|1994||Andy Detroi||Years of service to aviation safety|
By 1973, when chapter dues were raised to $7.50, the chapter was on a roll as Jack Hickey's term as president began.
Kathleen Magyar of Cottage Grove became the first woman to hold a chapter office as secretary and treasurer. She was the only woman in the chapter, which now had an astounding 40 members. Rosemary Frank, and her husband, Gene, would join the chapter around 1975.
The chapter added almost a dozen new members in 1976, including Jim Anderson, who was in the process of building a Tailwind. Rosemary Frank, meanwhile, started her term as secretary/treasurer.
The question of getting involved in politics was always a touchy subject but not in 1977 when Skip Humphrey authored a tax bill which would impact custom-built and antique aircrafters. Members voted to each pitch in $1 to lobby for a change in the insurance bill. Other EAA chapters in the area joined in, with everyone meeting at Univac in Roseville to stuff mailers to legislators.
The first decades of the chapter were focused almost solely on building airplanes. And the chapter members formed several type clubs technically unaffiliated with Chapter 54 but consisting of its members. In 1977, several members were building airplanes, but were otherwise grounded. They wanted an airplane to fly while they were building.
The Holman Hobos Flying Club was soon born with Chapter 54 member Bob Hilliard inspiring the group to organize, even though he never became an official member.
After checking out several aircraft, it was decided to purchase a Taylorcraft L-2 from a pilot in Elk River, Minn., for $2,500. It was brought home by Bill Schanks as Chapter 54 members christened the plane “Elvira,” the name of Speed Holman’s wife.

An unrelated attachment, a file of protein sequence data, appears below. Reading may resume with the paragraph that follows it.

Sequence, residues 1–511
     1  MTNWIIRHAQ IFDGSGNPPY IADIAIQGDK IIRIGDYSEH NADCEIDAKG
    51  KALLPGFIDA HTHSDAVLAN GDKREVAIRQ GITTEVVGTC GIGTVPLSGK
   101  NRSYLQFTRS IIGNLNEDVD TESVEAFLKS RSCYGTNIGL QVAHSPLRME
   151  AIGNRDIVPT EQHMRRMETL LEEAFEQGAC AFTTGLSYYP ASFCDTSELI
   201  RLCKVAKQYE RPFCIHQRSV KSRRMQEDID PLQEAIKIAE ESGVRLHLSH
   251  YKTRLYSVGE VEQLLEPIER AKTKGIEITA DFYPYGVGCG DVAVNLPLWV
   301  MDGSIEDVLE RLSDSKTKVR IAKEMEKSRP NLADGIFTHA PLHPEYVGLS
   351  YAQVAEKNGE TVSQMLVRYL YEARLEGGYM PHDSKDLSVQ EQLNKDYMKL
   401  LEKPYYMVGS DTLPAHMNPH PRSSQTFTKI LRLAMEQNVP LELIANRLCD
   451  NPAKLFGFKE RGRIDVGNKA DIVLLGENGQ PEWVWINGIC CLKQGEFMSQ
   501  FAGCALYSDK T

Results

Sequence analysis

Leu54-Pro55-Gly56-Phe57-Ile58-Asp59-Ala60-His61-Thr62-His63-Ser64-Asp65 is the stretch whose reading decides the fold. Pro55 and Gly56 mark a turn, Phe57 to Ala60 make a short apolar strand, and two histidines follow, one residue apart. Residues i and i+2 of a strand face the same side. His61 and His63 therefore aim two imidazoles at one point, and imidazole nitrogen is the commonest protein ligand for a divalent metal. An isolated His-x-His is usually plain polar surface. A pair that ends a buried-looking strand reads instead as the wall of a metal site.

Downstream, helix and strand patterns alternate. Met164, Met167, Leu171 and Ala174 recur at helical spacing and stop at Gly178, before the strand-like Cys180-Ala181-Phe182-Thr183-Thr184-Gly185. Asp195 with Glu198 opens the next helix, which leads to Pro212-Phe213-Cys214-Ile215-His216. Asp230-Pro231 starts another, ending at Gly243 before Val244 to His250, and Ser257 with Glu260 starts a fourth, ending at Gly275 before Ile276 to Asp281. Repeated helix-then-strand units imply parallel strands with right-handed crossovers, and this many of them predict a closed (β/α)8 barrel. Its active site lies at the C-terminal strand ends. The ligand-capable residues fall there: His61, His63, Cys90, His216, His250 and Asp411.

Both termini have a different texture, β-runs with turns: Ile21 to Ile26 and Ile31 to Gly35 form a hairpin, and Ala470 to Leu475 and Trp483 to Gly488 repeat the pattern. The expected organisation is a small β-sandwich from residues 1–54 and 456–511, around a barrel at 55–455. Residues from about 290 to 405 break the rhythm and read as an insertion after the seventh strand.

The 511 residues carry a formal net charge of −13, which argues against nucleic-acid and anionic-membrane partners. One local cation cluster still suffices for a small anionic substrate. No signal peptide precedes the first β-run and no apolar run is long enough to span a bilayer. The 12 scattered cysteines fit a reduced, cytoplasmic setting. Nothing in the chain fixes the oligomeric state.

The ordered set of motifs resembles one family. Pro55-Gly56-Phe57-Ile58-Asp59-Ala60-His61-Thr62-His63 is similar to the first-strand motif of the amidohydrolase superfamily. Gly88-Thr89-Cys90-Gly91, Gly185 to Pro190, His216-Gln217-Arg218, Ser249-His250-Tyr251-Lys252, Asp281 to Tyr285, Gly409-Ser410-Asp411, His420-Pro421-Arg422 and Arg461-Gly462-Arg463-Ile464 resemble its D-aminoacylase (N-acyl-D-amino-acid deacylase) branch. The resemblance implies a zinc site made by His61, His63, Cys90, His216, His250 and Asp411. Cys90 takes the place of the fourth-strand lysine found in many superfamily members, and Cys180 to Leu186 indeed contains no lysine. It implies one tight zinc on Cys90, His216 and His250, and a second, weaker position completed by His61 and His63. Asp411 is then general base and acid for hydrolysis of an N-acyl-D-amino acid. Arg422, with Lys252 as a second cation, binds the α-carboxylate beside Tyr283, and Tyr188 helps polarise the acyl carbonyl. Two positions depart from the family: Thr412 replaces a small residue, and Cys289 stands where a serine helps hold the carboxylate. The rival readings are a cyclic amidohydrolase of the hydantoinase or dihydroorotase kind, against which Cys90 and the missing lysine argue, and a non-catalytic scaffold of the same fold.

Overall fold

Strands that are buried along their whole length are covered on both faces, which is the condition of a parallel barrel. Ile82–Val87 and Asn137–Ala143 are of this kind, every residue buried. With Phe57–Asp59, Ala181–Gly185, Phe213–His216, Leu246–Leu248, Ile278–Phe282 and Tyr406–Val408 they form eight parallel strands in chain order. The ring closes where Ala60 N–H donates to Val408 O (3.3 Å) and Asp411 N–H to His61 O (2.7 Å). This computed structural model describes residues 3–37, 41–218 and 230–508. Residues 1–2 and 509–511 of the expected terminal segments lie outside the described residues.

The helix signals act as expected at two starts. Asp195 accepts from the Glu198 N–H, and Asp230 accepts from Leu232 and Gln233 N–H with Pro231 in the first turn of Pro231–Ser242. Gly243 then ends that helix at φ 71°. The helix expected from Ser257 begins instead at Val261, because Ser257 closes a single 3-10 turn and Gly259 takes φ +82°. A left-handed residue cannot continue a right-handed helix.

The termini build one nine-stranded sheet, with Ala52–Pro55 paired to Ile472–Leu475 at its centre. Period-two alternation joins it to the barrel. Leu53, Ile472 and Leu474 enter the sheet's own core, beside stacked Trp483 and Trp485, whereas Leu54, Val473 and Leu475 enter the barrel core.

Membership in the Hobos cost $200 and the dues were $30 per year with aircraft rental costing $6.25.
Elivira lasted until 1982 when chapter members Gene and Rosemary Frank took her on a last flight to St. Cloud, where she was grounded.
The Hobos were grounded, too, and the club was dormant for several years until EAA Chapter 54 and Holman Hobo’s member Dale Rupp, looking for a project, settled on restoring Elvira. Rupp and Bill Schanks in 1991 revitalized the club, which sold a Piper Colt to finance the restoration of Elvira. Membership and interest grew to five members.
Elvira's return also brought back chapter legend Gil Leiter who had stopped flying and dropped out of Chapter 54. He wanted to work on the L-2, rejoining the chapter in 1993.
Alas, Bill Schanks penned an ode to Elvira in the November 2002 newsletter.
She was borne to fly in the sky so blue